• The CAG also noted significant delays at every level in the submission of the annual plans. Delays were highest at the GP level –difference between the target date of submission to the block and actual submission ranged from 1 month to as high as 21 months!

B. Shortfall and Delays in Execution of Works

The effectiveness of the planning has to be measured against the actual execution.

• The audit report observed large variations in some states between planned employment generations (as per the labour budget) and actual employment generated. Moreover, in 14 states and 1 UT , 129.22 lakh works amounting to Rs 126,961.11 crore were approved in the annual plans but only 38.65 lakh works ( 30% of planned works) amounting to Rs 27,792.13 crore were completed during the audit period indicating significant inefficiencies in implementation of annual plans.

C. Human Resource Shortfall and Capacity

The MGNREGA guidelines envisage Gram Rozgar Sahayaks (GRS) appointed at the village level to assist the GP in the implementation of the scheme. These GRS are responsible for maintaining all documents, overseeing the process of registration, distribution of job cards, allocation of works, payment of wages and ensuring monitoring of the scheme through social audits.

• The audit report found widespread shortages in GRS posts across 9 states ranging from 20% in Uttar Pradesh to as high as 93% in Punjab. In 4 states including Tamil Nadu and Kerala no dedicated GRS had been appointed.
• Further, funds for training personnel were highly under-utilized in many states. In Uttar Pradesh for instance, 74% of funds for training in 2010-11 had not been utilized.
D. Specific problems related to wages and MGNREGA works

• Job cards were not issued to 12,455 households in six states. Photographs on 4.33 lakh job cards (an important identifier against fraud and misrepresentation) were missing in 7 states. Non-payment or under payment of wages of Rs 36.97 crores was noticed in 14 states. In 55 GPs, payment was made in cash violating the guidelines which prescribes payment through banks or post offices. Other issues included, suspected misappropriation of wages through engagement of ghost works, incomplete or improperly filled “muster rolls” non-payment of unemployment allowance, delays in receipt of wages, amongst others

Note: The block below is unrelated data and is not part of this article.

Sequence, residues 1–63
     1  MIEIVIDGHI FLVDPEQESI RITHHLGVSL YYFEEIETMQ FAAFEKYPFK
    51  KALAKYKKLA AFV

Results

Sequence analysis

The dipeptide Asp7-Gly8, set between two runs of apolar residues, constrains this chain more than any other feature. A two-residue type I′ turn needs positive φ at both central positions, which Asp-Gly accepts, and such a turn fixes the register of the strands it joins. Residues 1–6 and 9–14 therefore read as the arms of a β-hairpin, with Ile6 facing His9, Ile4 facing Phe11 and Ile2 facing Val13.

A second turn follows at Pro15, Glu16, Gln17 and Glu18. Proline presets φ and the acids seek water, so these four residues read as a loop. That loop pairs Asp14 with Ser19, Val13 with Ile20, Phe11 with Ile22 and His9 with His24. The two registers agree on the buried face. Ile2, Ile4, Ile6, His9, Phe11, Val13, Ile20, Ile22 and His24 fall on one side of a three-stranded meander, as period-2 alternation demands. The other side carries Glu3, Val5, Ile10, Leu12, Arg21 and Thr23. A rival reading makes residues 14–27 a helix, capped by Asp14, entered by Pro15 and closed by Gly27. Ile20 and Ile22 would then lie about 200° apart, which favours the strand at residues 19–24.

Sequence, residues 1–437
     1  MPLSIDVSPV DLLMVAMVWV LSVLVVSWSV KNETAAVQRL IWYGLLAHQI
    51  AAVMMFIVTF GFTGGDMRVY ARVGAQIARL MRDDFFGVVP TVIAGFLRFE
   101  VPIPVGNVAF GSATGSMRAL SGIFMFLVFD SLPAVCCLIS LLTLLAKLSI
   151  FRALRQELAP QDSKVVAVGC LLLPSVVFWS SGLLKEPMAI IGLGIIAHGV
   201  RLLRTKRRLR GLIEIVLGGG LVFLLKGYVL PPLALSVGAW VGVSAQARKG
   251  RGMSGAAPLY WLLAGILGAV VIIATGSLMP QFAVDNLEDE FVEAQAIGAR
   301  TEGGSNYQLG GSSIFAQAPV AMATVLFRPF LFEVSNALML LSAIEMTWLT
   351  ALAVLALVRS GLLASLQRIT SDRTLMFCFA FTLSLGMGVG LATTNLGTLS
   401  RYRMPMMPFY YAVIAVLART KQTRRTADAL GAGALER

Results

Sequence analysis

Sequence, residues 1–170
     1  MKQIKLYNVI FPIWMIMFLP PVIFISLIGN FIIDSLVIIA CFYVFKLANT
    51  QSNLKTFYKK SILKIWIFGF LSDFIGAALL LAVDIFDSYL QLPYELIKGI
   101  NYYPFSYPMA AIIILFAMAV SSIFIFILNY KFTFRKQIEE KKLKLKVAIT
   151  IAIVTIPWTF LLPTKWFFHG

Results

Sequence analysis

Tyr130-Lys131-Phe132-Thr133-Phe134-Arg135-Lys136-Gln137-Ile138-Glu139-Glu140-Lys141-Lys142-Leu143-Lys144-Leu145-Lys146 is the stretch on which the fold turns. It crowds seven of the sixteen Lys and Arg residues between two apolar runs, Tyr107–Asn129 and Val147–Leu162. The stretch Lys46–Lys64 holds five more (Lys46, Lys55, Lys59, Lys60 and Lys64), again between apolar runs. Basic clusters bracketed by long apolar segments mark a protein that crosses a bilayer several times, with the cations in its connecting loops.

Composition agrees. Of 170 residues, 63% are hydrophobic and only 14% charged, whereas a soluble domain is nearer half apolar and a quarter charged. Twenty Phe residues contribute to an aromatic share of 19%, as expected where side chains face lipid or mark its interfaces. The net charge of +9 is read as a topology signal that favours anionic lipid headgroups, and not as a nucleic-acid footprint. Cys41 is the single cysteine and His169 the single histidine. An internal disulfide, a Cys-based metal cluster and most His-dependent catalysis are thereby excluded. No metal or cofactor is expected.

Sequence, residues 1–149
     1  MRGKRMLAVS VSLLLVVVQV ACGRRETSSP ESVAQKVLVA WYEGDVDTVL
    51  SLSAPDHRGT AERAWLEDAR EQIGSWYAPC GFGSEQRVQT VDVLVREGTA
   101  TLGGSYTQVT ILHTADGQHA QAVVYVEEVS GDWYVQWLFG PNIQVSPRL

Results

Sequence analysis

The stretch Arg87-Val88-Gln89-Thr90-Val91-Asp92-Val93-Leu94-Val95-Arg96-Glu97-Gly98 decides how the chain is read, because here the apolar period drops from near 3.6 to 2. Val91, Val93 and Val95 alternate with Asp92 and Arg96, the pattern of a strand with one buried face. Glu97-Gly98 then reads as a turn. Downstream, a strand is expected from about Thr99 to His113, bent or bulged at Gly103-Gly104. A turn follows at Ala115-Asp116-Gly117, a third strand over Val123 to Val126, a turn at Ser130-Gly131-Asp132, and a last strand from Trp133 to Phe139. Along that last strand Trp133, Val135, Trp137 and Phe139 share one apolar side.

E. Record Keeping and Monitoring

• The audit found poor record maintenance at not just the GP level but also at the block and district levels. Deficiencies relating to both non-maintenance and/or incorrect maintenance of prescribed basic records were noticed in 18%-54% of all tested GPs.

F.  Beneficiary Analysis

• While at an all India level the total women beneficiaries is 33% (as per the norm), this ratio was less than 1/5th in Gujarat, Madhya Pradesh, Odisha, Uttar Pradesh, West Bengal, Jammu and Kashmir and Mizoram.
• On average about 72% of beneficiaries were aware of the number of days of employment to which they were entitled. Awareness levels were highest in some of the smaller states/UTs – Kerala, Meghalaya, Mizoram, Tripura and Pondicherry. In contrast, it was 28% in Gujarat; 43% in Odisha; 52% in Bihar; and 57% in Maharashtra.
• Around 70% of respondents were aware of the timeliness within which wages are to be paid.
• Only half of the interviewed beneficiaries were aware of the prescribed quantum of work which entitled them to full wage payment. Similarly only around 56% were aware of the manner of wage calculations.
• A positive finding was that on average work was provided after 9 days of the job request (the guidelines say within 15 days of job application). However 99% of beneficiaries who were not provided work within 15 days were not paid the unemployment allowance.
• 78% of beneficiaries reported that muster rolls were maintained at the work site and attendance was marked on it.
• 65% reported that they received wages within 15 days, 16% within 1 month, 11 % between 1-2 months, 4% within 2-3 months and 2% reported delays of more than 2 months.

Recommendations of the Standing Committee on Rural Development

The recommendations are as follows:

• Regulation of job cards: Offences such as not recording employment related information in job cards and unlawful possession of job cards with elected PRI representatives and MGNREGA functionaries should be made punishable under the Act.
• Participation of women: Since the income of female workers typically raises the standard of living of their households to a greater extent than their male counterparts, the participation of women must be increased through raising awareness about MGNREGA